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The Analysis of Milk Components and Pathogenic Bacteria Isolated from Bovine Raw Milk in Korea

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Authors
Park, Y. K.; Koo, H. C.; Kim, S. H.; Hwang, S. Y.; Jung, W. K.; Kim, J. M.; Shin, S.; Kim, R. T.; Park, Yong Ho
Issue Date
2007
Publisher
American Dairy Science Association
Citation
J. Dairy Sci. 90:5405-5414
Keywords
bovine mastitissomatic cell countmilk urea nitrogenStaphylococcus aureus
Abstract
Bovine mastitis can be diagnosed by abnormalities in milk components and somatic cell count (SCC), as well as by clinical signs. We examined raw milk in Korea by analyzing SCC, milk urea nitrogen (MUN), and the percentages of milk components (milk fat, protein, and lactose). The associations between SCC or MUN and other milk components were investigated, as well as the relationships between the bacterial species isolated from milk. Somatic cell counts, MUN, and the percentages of milk fat, protein, and lactose were analyzed in 30,019 raw milk samples collected from 2003 to 2006. The regression coefficients of natural logarithmic-transformed SCC (SCCt) on milk fat (–0.0149), lactose (–0.8910), and MUN (–0.0096), and those of MUN on milk fat (–0.3125), protein (–0.8012), and SCCt (–0.0671) were negative, whereas the regression coefficient of SCCt on protein was positive (0.3023). When the data were categorized by the presence or absence of bacterial infection in raw milk, SCCt was negatively associated with milk fat (–0.0172), protein (–0.2693), and lactose (–0.4108). The SCCt values were significantly affected by bacterial species. In particular, 104 milk samples infected with Staphylococcus aureus had the highest SCCt (1.67) compared with milk containing other mastitis-causing bacteria: coagulase-negative staphylococci (n = 755, 1.50), coagulase-positive staphylococci (except Staphylococcus aureus; n = 77, 1.59), Streptococcus spp. (Streptococcus dysgalactiae, n = 37; Streptococcus uberis, n = 12, 0.83), Enterococcus spp. (n = 46, 1.04), Escherichia coli (n = 705, 1.56), Pseudomonas spp. (n = 456, 1.59), and yeast (n = 189, 1.52). These results show that high SCC and MUN negatively affect milk components and that a statistical approach associating SCC, MUN, and milk components by bacterial infection can explain the patterns among them. Bacterial species present in raw milk are an important influence on SCC in Korea.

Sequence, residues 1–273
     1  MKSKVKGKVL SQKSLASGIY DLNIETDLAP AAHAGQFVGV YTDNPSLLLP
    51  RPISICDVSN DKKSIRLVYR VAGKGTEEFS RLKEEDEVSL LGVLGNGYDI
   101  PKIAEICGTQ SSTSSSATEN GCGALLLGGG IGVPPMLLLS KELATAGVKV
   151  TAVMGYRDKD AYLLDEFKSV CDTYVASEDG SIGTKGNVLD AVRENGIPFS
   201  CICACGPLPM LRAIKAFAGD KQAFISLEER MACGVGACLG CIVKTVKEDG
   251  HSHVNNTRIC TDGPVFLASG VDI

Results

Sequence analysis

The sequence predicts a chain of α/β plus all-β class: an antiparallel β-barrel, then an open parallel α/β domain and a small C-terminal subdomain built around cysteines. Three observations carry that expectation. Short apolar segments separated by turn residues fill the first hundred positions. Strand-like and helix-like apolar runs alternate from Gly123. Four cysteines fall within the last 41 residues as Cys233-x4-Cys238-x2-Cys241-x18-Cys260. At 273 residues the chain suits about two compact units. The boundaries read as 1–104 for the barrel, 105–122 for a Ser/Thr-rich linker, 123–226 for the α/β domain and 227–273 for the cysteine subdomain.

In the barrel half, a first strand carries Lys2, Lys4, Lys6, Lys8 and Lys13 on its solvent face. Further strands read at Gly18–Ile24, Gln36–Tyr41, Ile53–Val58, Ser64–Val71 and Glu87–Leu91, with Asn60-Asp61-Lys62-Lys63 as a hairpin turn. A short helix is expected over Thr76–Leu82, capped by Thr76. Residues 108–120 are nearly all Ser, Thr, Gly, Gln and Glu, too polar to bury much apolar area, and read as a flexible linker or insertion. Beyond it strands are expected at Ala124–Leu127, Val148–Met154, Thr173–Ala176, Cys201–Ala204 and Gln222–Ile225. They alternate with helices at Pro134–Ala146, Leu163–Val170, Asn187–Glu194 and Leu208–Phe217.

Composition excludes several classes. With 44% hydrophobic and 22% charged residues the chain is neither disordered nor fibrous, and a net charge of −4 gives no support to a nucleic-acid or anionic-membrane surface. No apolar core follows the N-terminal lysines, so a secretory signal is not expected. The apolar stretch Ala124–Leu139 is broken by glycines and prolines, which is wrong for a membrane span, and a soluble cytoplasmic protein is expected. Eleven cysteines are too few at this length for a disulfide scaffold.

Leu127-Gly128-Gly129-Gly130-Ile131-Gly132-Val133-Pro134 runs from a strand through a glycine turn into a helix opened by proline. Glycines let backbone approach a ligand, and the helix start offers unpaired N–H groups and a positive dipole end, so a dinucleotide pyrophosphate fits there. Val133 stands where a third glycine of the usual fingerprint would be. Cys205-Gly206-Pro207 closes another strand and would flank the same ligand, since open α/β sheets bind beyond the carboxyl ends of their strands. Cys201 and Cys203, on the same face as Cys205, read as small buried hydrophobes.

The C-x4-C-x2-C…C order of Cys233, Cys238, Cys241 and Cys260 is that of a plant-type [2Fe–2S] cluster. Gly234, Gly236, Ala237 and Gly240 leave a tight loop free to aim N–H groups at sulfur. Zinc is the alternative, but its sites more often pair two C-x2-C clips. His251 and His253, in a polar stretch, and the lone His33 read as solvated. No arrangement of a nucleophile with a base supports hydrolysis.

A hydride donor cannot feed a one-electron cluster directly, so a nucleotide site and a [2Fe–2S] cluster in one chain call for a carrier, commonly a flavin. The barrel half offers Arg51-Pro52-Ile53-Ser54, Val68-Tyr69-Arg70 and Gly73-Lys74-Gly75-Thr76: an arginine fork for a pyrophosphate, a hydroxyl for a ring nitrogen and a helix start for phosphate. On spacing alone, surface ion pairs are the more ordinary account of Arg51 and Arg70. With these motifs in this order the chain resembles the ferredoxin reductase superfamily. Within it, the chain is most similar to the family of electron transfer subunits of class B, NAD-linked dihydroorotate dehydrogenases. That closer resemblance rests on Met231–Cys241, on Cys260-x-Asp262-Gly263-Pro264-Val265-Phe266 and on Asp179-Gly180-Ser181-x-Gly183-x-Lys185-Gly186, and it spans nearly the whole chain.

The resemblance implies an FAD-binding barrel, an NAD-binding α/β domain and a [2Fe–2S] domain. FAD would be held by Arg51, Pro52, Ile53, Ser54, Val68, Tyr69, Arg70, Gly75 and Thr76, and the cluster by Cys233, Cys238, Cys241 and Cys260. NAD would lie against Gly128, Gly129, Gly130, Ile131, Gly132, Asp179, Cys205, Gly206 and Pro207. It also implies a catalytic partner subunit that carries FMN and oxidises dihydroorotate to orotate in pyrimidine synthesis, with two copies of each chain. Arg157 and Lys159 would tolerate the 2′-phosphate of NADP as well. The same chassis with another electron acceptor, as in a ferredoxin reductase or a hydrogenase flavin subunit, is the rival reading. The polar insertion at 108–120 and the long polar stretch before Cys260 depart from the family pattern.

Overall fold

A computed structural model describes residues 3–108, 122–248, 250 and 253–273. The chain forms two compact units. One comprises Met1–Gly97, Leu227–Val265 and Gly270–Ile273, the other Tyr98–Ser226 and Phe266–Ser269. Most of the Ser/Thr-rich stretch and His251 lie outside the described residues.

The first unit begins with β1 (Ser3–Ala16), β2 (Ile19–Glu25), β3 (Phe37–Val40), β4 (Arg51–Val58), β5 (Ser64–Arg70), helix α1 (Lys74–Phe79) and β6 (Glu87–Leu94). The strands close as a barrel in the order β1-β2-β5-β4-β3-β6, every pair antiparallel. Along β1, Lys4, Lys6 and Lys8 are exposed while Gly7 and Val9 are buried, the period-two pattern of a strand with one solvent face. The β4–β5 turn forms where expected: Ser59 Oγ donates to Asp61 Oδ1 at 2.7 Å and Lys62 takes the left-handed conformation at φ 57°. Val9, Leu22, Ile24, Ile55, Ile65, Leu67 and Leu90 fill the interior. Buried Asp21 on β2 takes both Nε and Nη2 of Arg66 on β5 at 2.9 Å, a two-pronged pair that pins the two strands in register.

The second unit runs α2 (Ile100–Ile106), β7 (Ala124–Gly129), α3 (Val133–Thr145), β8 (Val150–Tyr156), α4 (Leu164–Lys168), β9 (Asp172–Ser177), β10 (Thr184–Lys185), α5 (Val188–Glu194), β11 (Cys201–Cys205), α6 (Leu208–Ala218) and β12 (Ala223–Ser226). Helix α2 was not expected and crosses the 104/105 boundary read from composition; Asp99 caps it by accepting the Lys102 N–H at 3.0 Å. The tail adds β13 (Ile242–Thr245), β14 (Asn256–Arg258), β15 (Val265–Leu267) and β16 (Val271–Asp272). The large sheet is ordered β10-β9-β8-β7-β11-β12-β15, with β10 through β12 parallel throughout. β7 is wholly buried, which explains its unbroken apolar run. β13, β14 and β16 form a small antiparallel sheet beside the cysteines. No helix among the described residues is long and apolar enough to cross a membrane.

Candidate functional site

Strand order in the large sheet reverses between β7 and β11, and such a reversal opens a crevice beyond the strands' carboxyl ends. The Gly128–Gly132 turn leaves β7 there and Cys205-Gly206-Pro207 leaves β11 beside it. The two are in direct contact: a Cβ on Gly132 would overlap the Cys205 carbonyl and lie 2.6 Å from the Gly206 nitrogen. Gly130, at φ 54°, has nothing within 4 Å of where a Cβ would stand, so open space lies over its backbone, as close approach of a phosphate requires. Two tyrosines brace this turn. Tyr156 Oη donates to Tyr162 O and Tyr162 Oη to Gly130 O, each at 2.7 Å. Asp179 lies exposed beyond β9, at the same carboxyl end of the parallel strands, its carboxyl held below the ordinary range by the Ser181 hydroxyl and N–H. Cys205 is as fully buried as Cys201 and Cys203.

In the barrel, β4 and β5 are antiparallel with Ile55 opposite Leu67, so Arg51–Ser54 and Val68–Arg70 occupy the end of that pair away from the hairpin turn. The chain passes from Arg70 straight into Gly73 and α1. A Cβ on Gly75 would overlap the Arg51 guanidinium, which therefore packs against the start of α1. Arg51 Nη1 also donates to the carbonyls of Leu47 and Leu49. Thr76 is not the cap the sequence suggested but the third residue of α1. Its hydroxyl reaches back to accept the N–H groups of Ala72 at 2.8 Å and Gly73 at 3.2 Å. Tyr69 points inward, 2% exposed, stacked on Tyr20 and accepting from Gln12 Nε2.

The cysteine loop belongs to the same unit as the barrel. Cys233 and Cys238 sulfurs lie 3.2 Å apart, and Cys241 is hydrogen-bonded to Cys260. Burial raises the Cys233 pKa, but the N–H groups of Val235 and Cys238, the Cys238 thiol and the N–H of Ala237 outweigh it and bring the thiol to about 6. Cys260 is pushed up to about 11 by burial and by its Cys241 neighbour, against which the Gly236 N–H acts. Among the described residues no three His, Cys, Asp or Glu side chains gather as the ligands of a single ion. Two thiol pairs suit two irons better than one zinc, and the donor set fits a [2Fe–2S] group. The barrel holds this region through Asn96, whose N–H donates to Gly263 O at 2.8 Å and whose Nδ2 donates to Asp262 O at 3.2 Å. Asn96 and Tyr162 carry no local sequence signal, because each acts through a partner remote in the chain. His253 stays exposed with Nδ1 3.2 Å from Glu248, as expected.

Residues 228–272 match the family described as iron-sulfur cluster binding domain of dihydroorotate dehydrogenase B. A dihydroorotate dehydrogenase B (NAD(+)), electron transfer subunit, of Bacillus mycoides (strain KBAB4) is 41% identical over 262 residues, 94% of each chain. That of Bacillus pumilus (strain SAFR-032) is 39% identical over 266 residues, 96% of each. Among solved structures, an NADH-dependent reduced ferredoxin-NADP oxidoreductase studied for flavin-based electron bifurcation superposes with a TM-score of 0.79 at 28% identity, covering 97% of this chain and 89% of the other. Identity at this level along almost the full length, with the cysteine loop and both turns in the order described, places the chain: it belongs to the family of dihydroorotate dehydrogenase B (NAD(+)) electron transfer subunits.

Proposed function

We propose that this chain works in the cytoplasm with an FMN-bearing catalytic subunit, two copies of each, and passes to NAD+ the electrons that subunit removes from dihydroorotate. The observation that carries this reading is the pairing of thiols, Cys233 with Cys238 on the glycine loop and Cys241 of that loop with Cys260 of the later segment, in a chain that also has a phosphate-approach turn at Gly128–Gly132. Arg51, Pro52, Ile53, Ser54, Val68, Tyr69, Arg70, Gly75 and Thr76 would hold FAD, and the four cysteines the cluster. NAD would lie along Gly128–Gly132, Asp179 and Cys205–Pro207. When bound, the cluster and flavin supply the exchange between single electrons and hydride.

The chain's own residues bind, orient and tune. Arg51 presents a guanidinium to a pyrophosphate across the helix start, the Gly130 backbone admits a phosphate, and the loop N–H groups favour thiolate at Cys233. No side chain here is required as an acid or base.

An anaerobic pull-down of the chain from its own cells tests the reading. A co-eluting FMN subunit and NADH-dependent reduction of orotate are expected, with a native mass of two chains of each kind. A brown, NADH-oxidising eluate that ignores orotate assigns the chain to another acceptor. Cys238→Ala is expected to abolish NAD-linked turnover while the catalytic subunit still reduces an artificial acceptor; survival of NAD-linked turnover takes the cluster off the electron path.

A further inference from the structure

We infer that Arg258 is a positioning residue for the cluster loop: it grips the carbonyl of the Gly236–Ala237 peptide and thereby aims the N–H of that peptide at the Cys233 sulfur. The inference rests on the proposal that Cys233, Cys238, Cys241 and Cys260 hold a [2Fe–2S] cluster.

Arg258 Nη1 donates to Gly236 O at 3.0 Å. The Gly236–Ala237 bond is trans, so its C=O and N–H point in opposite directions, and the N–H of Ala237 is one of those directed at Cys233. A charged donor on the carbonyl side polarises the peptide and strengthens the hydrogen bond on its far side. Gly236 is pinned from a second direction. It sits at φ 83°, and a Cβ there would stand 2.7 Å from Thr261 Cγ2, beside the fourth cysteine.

ISSN
0022-0302
Language
English
URI
http://hdl.handle.net/10371/7054
DOI
https://doi.org/10.3168/jds.2007-0282
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College of Veterinary Medicine (수의과대학)Dept. of Veterinary Medicine (수의학과)Journal Papers (저널논문_수의학과)
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